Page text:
An Englewood man overseeing the demolition of that house found a large trunk that had Greener's documents inside. He took the contents to a rare book expert, who recognized the photo.
"He said, 'Do you know who this is?' I said, 'No.' He said, 'This is Richard Theodore Greener.' I said, 'OK.' He said, 'He's the first African American to graduate from Harvard in 1870,'" said the man who found the papers, but does not want to be identified.
Realizing he had found something, the man turned down money he was offered on the spot for the items. The documents turned out to be Greener's 1870 Harvard diploma-- intact, but water damaged; his license to practice law in South Carolina; papers connected to his diplomatic role in Russia; and evidence of his friendship with U.S. President Ulysses S. Grant.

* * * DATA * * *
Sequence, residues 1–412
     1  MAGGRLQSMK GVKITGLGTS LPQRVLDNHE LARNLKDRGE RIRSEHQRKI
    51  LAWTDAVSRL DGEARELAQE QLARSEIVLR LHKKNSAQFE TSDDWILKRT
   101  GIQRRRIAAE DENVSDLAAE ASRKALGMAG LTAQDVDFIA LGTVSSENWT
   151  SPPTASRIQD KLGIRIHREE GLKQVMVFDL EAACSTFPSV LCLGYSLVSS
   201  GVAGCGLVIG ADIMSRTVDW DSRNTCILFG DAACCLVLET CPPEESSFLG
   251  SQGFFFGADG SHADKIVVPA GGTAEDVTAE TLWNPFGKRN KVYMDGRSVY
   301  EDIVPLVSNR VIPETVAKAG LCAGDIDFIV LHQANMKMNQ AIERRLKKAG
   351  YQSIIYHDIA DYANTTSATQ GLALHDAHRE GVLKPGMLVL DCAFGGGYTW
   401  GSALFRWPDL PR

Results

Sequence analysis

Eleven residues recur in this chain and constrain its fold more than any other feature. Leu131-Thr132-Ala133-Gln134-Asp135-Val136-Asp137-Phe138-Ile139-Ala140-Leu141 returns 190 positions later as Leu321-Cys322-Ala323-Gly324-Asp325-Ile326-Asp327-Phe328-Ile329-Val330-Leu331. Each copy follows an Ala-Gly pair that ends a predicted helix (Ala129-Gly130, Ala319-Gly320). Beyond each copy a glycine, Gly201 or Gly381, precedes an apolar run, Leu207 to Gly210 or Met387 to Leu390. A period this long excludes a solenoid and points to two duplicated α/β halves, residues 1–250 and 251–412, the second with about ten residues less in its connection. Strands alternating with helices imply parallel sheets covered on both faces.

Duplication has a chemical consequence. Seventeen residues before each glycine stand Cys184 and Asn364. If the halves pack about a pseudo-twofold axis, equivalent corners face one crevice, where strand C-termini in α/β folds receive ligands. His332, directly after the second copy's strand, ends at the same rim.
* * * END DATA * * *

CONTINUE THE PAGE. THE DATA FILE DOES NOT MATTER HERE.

"He paved the way for Obama and everybody to get through Harvard. He opened the door," the man said.
Getting a value placed on the documents has been difficult. The man hopes to sell them for a considerable amount of money to support his family.
"The guy at the auction house looked at it like, 'Nobody wants that,'" he said. But museums don't seem to agree.
"Any repository, any museum, any library would just love to have them, 'cause they are pieces of history that were rescued and actually could have been lost," Charles Bethea, DuSable Museum, said.
The DuSable Museum did not name a price, but suggested the man donate the items for a tax write off. Harvard researchers examined the papers on Monday, possibly to get a better idea of what they might offer.
Greener died in Chicago in 1922 at the age of 1978. He spent his last years in Hyde Park. How the trunk ended up in an Englewood attic is a mystery.